The first time I learned about “Loab,” it sent shivers down my spine. A strange dead-eyed ghoul that began haunting an AI image generator last year, Loab reminded me of a fiend I’d been tracking for years. One in a different medium, in a different era, and under a different name: the Marquis de Sade.
This may not seem like an obvious connection to make. The Marquis de Sade, one of the most infamous names in all of writing, was an 18th century French aristocrat, a man known for debauchery and evading authorities, breaking out of prison and eluding his own public execution in 1772. Loab is very much a product of the modern age, the accidental creation of artist Supercomposite, who claimed to have “discovered” her in an AI text-to-image generator in April of last year. The two couldn’t be more different. Yet, what Sade’s writing showed humanity about their unspoken fascinations and what chatbots like ChatGPT and Google’s Bard unearth about similar interests seem all but destined to intersect. The question is: Who will be prepared for it?
Sade’s efforts to chronicle humanity’s—or at least his own—forbidden desires began, somewhat famously, in the bowels of the Bastille. In the late 1770s, after being locked away following a series of scandalous offenses, Sade became obsessed with putting quill to paper, resulting in a body of work so obscene that its author would be variously described as “the freest spirit who ever lived” and an “apostle of assassins.”
His most notorious effort was The 120 Days of Sodom, penned on a 40-foot scroll. Sade called the novel “the most impure tale ever written since the world began.” It tells the story of four wealthy degenerates who lock young subordinates in a castle and subject them to months of escalating depravity: incest, bestiality, coprophilia, necrophilia, disemboweling, amputation, cannibalism, and more. By the end of the novel, the chateau is awash in blood and body parts. Thanks to his writing, Sade became so deeply associated with cruelty that he inspired the term sadism—deriving pleasure from pain.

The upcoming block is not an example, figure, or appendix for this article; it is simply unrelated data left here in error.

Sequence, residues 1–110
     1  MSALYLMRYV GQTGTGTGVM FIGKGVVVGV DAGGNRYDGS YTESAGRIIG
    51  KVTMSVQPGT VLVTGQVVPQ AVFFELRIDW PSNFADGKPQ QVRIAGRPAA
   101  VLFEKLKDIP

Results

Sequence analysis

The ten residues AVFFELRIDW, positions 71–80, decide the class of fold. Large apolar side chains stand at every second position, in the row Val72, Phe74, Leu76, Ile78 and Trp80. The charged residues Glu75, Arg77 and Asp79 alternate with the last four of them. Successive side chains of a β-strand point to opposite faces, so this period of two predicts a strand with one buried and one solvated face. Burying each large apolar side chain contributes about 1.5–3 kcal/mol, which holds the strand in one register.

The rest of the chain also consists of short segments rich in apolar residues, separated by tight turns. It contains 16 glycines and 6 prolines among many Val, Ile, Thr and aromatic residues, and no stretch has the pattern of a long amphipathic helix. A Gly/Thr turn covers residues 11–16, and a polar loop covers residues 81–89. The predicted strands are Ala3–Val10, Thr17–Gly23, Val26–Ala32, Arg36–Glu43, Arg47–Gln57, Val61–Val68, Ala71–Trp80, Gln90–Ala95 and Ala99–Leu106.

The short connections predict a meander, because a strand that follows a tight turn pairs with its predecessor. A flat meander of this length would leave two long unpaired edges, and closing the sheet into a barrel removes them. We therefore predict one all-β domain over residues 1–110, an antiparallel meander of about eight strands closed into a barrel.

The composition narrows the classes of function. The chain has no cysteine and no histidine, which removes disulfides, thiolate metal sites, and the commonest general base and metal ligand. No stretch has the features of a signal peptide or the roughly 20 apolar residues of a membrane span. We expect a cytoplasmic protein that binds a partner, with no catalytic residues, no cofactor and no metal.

While Sade believed the scroll was destroyed in the 1789 storming of the Bastille, in reality it embarked on a continent-spanning odyssey that involved underground erotica collectors, pioneering sex researchers, Nazi book burnings, scandalous Surrealist art, an audacious heist, international court battles and, most recently, a massive manuscript scandal in France. In fact, due to its horrid subject matter and the upheaval it’s been associated with, some authorities believe the scroll to be cursed.
Damned or not, the novel’s very existence is a mystery. Why would anyone have bothered with such a herculean effort at a time when the results could never be openly published? Who exactly was the man behind it? Was Sade a revolutionary, working to expose the rotten core of the aristocracy into which he was born? Or was he simply an unrepentant criminal, chronicling his own atrocities, committed or simply dreamed of?